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Saturday 15 December 2018

Explainer: What is the pension anomaly about?

Tens of thousands of pensioners missing out on up to €35 a week Stock image
Tens of thousands of pensioners missing out on up to €35 a week Stock image
Kevin Doyle

Kevin Doyle

Thousands of pensioners are missing out on up to €35 a week because of an anomaly in the system.

What are the anomalies the minister is trying to fix?

Pensions are calculated using a ‘yearly averaging’ system, which means it is possible for people to start paying PRSI later in their working life and still qualify for the maximum rate. An anomaly arose where people started work but then took time out for any number of reasons. Their pension entitlements are based on when they first began work, rather than the total number of years in paid employment.

Why are women more affected than men?

A majority of the 42,000 affected by the anomaly are women because it was common in years past for mothers to take time out of the workplace to raise children. Many of the women affected were subjected to the marriage bar which was in place until 1973. This is acknowledged by the Government. However, 42pc of those being short-changed are men.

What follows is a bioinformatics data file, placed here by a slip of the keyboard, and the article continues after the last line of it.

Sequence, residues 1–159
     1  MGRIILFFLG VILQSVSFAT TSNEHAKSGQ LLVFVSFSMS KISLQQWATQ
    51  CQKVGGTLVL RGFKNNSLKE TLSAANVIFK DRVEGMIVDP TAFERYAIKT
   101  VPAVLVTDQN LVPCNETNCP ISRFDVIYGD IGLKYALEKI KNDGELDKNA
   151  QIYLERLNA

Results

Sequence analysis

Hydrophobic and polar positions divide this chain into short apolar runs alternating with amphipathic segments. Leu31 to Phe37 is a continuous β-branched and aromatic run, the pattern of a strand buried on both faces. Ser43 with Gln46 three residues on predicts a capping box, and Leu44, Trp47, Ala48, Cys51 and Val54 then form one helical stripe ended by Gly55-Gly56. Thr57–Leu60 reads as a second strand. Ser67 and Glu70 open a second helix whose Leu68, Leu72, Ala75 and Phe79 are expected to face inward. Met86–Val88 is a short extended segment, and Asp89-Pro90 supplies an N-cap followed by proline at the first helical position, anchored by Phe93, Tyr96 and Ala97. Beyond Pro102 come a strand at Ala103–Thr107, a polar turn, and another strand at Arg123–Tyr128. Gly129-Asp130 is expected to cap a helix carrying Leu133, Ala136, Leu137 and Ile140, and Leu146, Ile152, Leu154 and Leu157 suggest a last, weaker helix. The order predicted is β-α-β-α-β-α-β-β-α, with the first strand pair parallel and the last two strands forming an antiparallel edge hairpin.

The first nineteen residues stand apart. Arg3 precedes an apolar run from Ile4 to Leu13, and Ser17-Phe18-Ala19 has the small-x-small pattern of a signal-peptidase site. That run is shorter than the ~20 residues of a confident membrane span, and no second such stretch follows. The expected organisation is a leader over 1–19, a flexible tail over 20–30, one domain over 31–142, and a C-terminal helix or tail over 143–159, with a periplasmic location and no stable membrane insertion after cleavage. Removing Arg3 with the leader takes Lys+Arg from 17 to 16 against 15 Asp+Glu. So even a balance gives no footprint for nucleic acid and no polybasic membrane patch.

What is the total contributions approach (TCA) now being adopted?

The Government is moving towards a TCA, which means that total PRSI contributions will be counted. A minimum number of payments over the lifetime of a worker will be required for the full State contributory pension. People with less payments will receive a pro-rata entitlement. This means when a person started working will no longer be a defining factor in their pension calculations.

What is the ‘Home Caring Credit’?

This new credit will be available to people who took up to 20 years out of the workplace in order to be a homemaker or carer. It may assist those with lower pension entitlements since 2012 to qualify for an improved rate under TCA.

When will the ‘fix’ be put in place?

The new TCA scheme and Home Caring Credit will come into effect from March 30. However, the Department of Social Protection says it will take several months to put the necessary IT in place to deal with the changes. As a result, pensioners won’t receive the higher rate until the first quarter of 2019. They will receive a lump sum with their arrears from March.

How will this be funded?

It is estimated the changes will cost €40m for 2018 and another €70m next year. The money will come from Budget 2019, which is due to be announced in October.

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